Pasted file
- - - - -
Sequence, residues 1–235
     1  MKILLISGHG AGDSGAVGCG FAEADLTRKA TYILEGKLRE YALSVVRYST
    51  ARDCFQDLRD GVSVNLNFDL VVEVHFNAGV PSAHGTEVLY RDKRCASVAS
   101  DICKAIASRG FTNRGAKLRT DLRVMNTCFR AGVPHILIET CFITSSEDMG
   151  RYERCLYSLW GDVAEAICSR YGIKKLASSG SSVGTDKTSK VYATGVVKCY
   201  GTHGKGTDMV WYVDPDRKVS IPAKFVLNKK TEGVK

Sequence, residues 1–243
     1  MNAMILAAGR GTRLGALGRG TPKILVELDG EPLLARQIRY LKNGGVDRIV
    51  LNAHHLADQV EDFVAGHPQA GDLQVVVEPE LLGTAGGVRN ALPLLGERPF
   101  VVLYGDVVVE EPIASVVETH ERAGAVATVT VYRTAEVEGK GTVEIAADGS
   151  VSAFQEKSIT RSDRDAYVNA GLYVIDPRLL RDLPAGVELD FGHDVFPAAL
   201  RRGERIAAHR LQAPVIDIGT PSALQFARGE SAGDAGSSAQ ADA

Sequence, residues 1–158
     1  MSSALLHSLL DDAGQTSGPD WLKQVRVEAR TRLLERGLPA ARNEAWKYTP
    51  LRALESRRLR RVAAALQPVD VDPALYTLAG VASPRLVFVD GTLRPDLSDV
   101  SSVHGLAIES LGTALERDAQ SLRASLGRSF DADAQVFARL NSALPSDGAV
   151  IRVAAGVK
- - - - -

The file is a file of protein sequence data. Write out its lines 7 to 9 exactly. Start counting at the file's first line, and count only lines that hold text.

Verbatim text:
Sequence, residues 1–243
     1  MNAMILAAGR GTRLGALGRG TPKILVELDG EPLLARQIRY LKNGGVDRIV
    51  LNAHHLADQV EDFVAGHPQA GDLQVVVEPE LLGTAGGVRN ALPLLGERPF